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  #48  
Old 01-28-2008, 01:06 PM
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Quote:
Originally Posted by SizzleDog View Post
I fixed it...
Thanks, I was trying to get it out before I went and made lunch.
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  #49  
Old 01-28-2008, 01:10 PM
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Just like many working breeds, there are breeding lines that are better suited for work than others. Not every Doberman can or will work, but if you find the right lines, they can be hard working dogs. We had a woman come to our dog club recently with a 1 year old male Dobe. There was no way he would work. He was fearful and terrified of men. Obviously he had some issues, and obviously there was no way he had the temperament or genetics to work. He was a nice looking dog and all but the mental part just wasn't there. Another girl who I train with has a nice Dobe male who is good sized, very athletic and graceful in his movements, and probably could at least pass the evaluation test for our club.

As far as build goes, our Dane looks like a fragile dog, with her long legs and long neck and thin build. I tell you what, she is one of the strongest dogs I've ever seen. Don't let looks deceive you.

I don't see much difference between medium sized dogs like Mals and some of the GSDs, and the larger dogs like the Bouvs and the bigger GSDs at our club. The smaller dog isn't always quicker and more agile, and can't hit as hard. The male Bouv and Gunnar are both dogs who are larger, but are also fast and agile, and hit like a tank. When you hear a nice thump when one of them hits the decoy, and they drive him to the ground, you know they are hitting hard. I have yet to see the smaller GSD (who is from Czech lines and is a VERY hard dog, but is only 67lbs) or any of the mals do that.

RD, regarding your question about how a protection dog will hit vs a sport dog- a protection dog will hit the center mass of the target. In training the decoy will try and sidestep the dog, so they learn not to fly through the air (what makes a Sch dog look so dramatic), but to slow down a bit, hunker down, and then target the center of the target. That could be the middle of the back, the butt, legs, armpits, whatever is there. That's what they are trained to do. Even if an arm is hanging out, they hit center mass. There is definitely a technique to catching a dog on the sleeve when he's learning to target center mass. You need to absorb the dog into you, as you can injure the dog if you resist him. It only takes one bad catch to jam a dogs neck and put him out of protection training for good.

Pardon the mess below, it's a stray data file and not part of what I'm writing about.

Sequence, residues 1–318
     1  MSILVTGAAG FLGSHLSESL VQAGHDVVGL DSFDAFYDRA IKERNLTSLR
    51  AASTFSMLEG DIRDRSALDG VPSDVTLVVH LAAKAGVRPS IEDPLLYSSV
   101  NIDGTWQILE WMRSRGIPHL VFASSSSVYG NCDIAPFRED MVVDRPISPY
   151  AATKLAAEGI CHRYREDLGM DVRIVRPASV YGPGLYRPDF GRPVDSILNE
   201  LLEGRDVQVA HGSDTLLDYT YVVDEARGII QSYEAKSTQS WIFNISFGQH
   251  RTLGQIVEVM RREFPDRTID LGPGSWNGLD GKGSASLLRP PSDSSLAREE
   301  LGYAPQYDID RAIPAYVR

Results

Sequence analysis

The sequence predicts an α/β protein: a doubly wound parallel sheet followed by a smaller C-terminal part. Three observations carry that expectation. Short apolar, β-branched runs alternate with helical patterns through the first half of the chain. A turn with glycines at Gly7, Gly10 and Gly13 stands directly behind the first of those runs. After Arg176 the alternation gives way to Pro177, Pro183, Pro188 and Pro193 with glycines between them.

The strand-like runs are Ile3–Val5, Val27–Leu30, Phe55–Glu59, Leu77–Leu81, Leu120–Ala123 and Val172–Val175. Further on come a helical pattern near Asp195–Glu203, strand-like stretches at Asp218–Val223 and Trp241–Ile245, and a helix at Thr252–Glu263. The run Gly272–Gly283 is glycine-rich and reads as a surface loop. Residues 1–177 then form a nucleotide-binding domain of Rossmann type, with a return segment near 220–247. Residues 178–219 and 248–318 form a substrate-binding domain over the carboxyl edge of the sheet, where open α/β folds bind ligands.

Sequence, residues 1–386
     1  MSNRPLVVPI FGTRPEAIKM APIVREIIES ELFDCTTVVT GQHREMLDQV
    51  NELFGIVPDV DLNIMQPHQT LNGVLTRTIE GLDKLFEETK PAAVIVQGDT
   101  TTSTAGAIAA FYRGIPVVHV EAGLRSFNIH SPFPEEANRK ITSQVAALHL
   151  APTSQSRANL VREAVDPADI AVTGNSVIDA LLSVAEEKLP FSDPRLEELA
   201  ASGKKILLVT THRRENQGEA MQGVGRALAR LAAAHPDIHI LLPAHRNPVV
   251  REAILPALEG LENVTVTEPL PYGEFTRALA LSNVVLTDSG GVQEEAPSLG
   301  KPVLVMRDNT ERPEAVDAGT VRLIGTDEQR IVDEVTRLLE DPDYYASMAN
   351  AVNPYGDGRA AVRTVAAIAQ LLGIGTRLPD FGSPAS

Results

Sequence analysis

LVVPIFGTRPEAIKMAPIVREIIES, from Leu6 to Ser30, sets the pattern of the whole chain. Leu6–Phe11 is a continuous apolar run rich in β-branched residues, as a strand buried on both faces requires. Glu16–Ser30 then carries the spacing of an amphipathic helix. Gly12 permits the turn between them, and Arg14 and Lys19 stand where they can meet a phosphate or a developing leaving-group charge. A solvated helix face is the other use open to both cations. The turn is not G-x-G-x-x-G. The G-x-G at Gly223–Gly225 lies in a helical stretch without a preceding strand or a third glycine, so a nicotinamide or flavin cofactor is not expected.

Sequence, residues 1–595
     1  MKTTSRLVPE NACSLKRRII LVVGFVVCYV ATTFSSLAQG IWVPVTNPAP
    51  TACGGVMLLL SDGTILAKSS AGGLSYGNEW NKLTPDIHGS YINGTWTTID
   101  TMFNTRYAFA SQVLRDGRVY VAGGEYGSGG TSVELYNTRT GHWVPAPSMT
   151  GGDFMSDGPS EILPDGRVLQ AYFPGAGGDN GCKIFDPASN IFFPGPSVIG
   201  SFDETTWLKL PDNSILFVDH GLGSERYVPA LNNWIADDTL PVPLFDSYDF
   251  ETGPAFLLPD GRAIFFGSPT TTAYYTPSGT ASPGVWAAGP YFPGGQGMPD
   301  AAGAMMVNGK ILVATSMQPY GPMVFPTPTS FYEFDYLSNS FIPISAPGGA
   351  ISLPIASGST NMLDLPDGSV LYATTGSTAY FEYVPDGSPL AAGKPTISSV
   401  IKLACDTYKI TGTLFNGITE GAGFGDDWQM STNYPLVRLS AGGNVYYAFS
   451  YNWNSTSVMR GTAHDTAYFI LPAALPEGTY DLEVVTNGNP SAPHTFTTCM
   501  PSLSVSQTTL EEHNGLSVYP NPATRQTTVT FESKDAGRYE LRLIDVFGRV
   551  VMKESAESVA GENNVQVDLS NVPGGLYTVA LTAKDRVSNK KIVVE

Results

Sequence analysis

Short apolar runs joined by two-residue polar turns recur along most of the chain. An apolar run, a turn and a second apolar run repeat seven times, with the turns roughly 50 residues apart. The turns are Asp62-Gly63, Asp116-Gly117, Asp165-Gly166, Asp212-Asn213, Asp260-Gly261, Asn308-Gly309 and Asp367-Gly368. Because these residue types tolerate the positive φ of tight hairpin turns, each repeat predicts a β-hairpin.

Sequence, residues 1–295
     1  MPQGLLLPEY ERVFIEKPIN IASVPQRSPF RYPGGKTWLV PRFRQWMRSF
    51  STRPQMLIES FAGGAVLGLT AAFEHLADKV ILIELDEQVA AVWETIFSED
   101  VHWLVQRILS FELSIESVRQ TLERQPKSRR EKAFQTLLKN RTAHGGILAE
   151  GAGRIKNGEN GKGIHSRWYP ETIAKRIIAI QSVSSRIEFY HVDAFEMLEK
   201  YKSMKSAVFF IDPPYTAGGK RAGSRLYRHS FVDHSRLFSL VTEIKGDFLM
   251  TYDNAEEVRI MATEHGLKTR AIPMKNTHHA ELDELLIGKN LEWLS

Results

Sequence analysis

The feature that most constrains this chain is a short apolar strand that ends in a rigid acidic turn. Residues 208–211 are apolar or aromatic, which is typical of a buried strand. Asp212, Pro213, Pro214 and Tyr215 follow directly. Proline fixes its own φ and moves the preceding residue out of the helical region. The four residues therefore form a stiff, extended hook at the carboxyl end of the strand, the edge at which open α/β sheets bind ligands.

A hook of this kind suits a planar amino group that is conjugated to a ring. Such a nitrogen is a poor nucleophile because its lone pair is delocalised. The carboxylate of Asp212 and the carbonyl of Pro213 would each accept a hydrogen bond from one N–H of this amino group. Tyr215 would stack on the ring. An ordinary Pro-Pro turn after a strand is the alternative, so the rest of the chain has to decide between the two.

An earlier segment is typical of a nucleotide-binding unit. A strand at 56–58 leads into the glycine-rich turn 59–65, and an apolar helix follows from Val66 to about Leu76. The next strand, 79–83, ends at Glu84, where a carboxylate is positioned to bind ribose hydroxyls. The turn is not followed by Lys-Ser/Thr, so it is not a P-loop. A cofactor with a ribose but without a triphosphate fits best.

There are dogs that succeed in Sch who could do real protection work, but not all of them. Sch never really tests a dogs limits. Sch is a choreographed routine. Same thing every time, and the decoys are there to make the dog look good and play them up, not break them down and drive them off the field like a French Ring or PSA decoy tries to do. I would say that ANY dog who can do true protection work can do Sch with an adjustment to training methods- the stability and temperament is there in that kind of dog.
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  #50  
Old 01-28-2008, 10:43 PM
Psyfalcon Psyfalcon is offline
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But for their original jobs, I think the lighter build is fine.

GSDs (after they became police/military dogs vs sheep herders) have to hit and hold. On the streets it would probably be a very good idea to take the guy to the ground. It favors size and strength to hang on.

The Dobie however, is personal protection. It would seem that for the original breeding by a tax collector, the dog would not have to hold very long, it would be first a deterrent and then allow the owner to escape. You don't need a 90lb GSD or Bouvier to create a big time distraction to the attacker.